Every farmer in Alberta who uses tools such as plastic grain bags, agricultural baler twine and bale wrap faces the same obstacles for disposal once these products have served their purpose. Options are slim, and depending on where farmers are located, may include only disposal at the local landfill or behind the farm gate.
Some farmers are close to locations where Cleanfarms operates pilot projects to test and identify best practices in collecting used ag plastic such as specifying that materials be prepared properly to facilitate efficient transportation and processing for recycling. One such pilot is led by the multi-stakeholder Agricultural Plastics Recycling Group (APRG) through funds granted by the Government of Alberta and administered by Alberta Beef Producers. While the intention is to develop a province-wide program, collection sites for these materials are not yet available everywhere.
One exception is Cleanfarms’ recycling program for empty pesticide and fertilizer containers that was launched in Alberta more than 30 years ago and that still operates across the province as well as nationally. In the last few years, Cleanfarms has added a recycling program for non-deposit drums and totes up to 1000L, too. Return rates of these small and large containers are increasing year over year.
Nearly everyone agrees that recycling these plastics is a better practice than landfilling or on-farm disposal. The environmental benefits and farm sustainability for future generations are reason enough. But there is also recognition that finding a way to recover natural resources and use them again and again is better than the one-way street of use and discard.
To realize the environmental good that resource recovery and recycling promises, farmers find that they have to invest a little more in the process. For example, grain bags need to be shaken free of residue grain and critters, and then tightly machine rolled for transportation. Similarly, it’s important to shake excessive dirt, sand, debris and snow from both grain bags and twine. These steps are required to ensure the processing facilities can utilize used plastics for recycling.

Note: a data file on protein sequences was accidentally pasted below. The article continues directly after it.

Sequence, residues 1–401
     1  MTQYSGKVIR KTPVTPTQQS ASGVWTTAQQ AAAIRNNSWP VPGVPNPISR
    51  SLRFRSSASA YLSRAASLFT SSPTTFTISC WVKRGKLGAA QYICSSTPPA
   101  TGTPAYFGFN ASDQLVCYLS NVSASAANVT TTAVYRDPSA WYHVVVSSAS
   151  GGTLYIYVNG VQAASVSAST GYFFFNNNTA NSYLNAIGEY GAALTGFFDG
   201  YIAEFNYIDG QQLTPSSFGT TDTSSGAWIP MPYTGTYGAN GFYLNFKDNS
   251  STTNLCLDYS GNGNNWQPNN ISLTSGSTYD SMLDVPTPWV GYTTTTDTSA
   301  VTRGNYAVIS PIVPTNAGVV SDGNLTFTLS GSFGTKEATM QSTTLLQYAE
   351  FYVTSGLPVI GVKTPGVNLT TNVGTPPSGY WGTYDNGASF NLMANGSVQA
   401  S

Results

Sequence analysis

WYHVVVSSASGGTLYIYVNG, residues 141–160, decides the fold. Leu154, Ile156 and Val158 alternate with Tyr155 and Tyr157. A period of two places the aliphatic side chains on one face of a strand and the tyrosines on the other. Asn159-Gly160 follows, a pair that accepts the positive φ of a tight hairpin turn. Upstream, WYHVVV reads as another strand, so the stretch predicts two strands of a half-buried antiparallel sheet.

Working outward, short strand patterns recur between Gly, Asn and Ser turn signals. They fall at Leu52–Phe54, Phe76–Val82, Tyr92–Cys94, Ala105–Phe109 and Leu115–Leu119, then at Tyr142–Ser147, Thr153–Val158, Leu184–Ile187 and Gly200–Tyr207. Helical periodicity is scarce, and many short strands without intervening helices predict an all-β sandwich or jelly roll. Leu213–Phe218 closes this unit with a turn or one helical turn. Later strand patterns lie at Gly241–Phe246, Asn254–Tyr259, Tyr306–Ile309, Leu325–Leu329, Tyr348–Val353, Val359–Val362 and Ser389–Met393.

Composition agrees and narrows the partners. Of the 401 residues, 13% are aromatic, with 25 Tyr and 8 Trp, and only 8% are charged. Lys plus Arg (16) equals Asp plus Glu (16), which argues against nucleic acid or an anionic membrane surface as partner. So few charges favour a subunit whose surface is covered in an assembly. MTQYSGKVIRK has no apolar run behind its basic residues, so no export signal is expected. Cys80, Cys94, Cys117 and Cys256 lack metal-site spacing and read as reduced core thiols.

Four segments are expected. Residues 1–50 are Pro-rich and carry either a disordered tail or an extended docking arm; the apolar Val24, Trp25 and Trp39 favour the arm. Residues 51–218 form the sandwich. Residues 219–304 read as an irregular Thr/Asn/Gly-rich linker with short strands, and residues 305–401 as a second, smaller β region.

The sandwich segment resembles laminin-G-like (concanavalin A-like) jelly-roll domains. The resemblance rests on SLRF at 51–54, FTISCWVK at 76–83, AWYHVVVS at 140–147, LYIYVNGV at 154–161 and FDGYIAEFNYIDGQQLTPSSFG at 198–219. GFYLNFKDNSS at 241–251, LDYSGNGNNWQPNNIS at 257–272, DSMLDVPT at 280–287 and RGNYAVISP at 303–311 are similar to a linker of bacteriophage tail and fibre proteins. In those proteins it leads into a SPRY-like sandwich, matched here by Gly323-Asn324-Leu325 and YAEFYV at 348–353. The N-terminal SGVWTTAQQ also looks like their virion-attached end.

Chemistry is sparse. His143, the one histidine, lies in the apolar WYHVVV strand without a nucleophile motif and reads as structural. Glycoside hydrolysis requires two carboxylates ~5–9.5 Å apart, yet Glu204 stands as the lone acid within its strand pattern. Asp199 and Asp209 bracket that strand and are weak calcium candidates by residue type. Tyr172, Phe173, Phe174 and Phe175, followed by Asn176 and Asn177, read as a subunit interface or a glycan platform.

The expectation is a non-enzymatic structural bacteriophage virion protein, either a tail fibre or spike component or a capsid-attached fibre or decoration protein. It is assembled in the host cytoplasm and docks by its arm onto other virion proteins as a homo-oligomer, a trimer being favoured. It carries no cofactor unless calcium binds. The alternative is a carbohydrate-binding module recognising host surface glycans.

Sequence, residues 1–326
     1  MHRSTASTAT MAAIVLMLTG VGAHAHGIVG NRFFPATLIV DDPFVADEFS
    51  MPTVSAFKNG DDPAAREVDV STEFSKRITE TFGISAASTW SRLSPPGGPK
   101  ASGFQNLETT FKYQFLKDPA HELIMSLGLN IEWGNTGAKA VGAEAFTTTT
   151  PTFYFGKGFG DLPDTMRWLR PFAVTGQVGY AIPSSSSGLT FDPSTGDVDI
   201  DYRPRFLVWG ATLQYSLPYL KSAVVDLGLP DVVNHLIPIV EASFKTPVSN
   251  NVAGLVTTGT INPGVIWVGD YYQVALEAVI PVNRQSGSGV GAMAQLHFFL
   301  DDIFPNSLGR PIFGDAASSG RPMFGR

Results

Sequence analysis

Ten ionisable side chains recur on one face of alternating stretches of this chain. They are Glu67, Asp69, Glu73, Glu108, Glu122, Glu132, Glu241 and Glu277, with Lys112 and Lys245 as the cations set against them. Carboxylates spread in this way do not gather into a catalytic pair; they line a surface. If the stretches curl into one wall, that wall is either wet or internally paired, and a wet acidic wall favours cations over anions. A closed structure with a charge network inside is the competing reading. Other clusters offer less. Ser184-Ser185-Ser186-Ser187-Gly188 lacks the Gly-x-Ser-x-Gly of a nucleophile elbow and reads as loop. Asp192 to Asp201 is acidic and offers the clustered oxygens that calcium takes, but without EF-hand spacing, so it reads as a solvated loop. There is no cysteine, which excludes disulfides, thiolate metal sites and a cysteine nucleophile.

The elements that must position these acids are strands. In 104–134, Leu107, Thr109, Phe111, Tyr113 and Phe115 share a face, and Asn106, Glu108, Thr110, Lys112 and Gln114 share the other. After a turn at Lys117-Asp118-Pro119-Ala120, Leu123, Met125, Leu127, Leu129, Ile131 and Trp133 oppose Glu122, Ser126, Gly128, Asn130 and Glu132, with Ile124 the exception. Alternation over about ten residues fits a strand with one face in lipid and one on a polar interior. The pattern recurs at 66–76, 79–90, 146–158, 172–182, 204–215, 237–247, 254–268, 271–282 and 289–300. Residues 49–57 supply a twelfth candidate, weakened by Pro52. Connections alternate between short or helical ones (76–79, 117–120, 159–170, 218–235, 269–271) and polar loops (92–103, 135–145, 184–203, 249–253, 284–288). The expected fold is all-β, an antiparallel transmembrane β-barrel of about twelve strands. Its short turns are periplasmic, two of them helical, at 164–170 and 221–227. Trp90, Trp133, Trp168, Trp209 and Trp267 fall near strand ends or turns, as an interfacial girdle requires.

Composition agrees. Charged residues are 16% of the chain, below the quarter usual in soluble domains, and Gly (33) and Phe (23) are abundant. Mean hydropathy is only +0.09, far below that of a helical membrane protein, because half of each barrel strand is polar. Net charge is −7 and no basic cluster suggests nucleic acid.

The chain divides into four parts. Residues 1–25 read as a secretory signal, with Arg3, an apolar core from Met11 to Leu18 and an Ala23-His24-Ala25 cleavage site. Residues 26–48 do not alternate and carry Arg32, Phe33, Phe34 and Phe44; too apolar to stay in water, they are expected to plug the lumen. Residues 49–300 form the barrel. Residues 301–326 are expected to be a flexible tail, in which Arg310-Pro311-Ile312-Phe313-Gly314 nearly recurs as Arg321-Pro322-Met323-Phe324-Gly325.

Recycling know-how improves every time Cleanfarms conducts a pilot because each project is designed to figure out what makes a successful recycling program and what will cause it to falter.
It has become clear, for instance, that after use, each type of material has to be managed individually because they have different plastic properties and go to separate final recycling destinations.
Grain bags are rolled; twine is placed in Cleanfarms recycling bags. Cleaned up, sorted materials can be recycled. Excessively dirty and co-mingled materials can’t. It is as simple as that.
Once farmers take used materials to recycling collection sites, Cleanfarms arranges for transport to recycling end-markets located throughout Canada and the USA. Two such facilities for these plastics are situated here in Alberta: Crowfoot Plastics is near Hussar and PolyAg Recycling Inc. is in Bashaw.
Depending on the type of plastic, the recycled material is used to make new products such as agricultural fence posts, car parts, dimensional plastic lumber, plastic pallets, and planter pots for greenhouses to name a few.